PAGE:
Low Interest Rates: The Best Alternatives to Savings Accounts

The UK financial scene is buzzing with information insisting that interest rates on savings accounts may remain considerably low for the next two years.

The BBC purports that compared to the previous financial year, savings rates have slumped by an outstanding 1.3 per cent, which translates to £162 million.

The low interest that most banks and financial institutions offer has contributed to that fact that many Britons have been discouraged from placing their money in individual savings accounts.

As low rates are deterring Brits from opening savings accounts, lets look at some of the alternative options available:

High-interest Current Accounts

At first, the rules and regulations that a user must comply with and the rigid nature of such accounts deter many people from opting for these accounts which offer competitive rates.

The rules to operate one of these accounts usually involves paying a set amount of money in each month. Many banks work with a minimum of £250 and at least 3 or 4 direct debits.

However, the cash back benefits of such savings products are incredible.

For instance, Tesco bank pays three per cent of up to £3,000 until April 2019 as well as earning Clubcard points, but the account does require at least a £750 monthly deposit.

Nationwide FlexDirect pays a 5 per cent Annual Equivalent Rate on up to £2,500, but £1000 must be paid in each month.

You can double the cash returns by opening more than one account if you are a couple. Some banks allow an individual to open a maximum of two accounts.

How can these rates be maximised? Well, some canny users have managed to setup a complex chain of direct debits between current accounts to earn better levels of interest.

Getting and Topping Up a Pension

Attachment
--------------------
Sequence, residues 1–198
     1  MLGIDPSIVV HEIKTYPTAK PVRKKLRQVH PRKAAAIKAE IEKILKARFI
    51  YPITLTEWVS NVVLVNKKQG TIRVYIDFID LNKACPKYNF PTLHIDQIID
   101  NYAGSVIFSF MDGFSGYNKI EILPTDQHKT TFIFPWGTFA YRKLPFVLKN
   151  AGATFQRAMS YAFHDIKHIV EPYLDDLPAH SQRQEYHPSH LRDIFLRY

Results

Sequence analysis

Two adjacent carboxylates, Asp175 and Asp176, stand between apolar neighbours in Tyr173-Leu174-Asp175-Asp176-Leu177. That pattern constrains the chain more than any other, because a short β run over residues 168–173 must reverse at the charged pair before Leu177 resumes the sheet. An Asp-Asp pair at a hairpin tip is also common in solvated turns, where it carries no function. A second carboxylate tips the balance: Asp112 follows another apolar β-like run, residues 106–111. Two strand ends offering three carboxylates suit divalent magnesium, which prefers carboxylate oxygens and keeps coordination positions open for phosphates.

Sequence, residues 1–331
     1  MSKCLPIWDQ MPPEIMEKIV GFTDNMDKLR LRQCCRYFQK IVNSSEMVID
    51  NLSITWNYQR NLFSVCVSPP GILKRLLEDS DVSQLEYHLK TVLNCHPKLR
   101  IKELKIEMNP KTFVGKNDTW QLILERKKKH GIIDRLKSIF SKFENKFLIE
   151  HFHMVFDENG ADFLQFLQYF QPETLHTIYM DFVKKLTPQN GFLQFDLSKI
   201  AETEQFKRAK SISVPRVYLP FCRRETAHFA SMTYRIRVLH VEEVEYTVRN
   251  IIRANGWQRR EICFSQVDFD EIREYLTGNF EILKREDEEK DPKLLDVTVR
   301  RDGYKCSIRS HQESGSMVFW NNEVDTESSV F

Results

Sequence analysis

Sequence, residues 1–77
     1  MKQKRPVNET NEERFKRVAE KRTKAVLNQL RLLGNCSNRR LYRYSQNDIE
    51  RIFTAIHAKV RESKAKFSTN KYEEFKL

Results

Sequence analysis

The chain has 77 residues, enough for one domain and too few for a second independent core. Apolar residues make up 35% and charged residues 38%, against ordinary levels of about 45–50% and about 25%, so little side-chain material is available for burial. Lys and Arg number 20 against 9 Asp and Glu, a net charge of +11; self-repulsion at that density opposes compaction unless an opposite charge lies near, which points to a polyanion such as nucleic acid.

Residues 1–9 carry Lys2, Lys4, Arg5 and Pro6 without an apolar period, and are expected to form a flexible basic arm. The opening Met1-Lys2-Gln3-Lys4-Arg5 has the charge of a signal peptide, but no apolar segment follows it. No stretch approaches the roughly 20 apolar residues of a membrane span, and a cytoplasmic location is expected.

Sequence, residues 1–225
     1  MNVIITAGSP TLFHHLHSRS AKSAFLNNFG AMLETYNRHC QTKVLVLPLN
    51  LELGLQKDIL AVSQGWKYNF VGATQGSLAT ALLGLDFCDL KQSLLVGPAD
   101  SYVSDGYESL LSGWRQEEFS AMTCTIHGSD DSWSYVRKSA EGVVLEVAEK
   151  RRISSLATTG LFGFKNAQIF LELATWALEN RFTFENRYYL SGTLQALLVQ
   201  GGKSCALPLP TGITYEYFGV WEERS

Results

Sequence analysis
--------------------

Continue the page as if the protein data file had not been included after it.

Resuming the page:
One way to amass more money through savings accounts is to make sure that you enrol in a regular retirement plan.

If you work in an institution with more than 50 employees, your employer may be obliged to chip in a particular amount of money in your retirement savings account.

Personally setting up a retirement savings plan and compounding the funds with the money your employer pushes your way every month is an excellent way to make the best out investing for the long term due to the tax breaks and the effects of compound interest.

Cash ISAs – Time to Consider the Stock Market?

With other savings accounts provided by various financial institutions, the interest you earn is legible for income tax, if over the personal savings allowance.

However, the interest from ISAs is free from income tax.

The ISA allowance for 2017-18 is £20,000, which one may choose to invest in a myriad of projects. For instance, a cash ISA, an investment ISA or a combination of both.

If you choose an ISAs which is flexible you may be able to withdraw the money from the account and pay it back before the end of the financial year which spans from April to April. Check the terms and conditions of the account carefully to see if this is the case.

The tax-free nature and flexibility of Cash ISAs is a great way for Britons to save money in preparation as an emergency fund. Regardless of the low-interest rates, savings accounts are a proven way to hold money safely.

But in terms of getting better rates, statistics indicate that more are turning to Stocks and Shares ISAs, which in general have performed at much higher rates than savings accounts in the last few years.

Charlie Howells

After finishing his business studies degree at Bath, Charlie has been involved with a number of startups and finance companies. He regularly writes about personal finance and works as an analyst and writer for Best Savings Rate.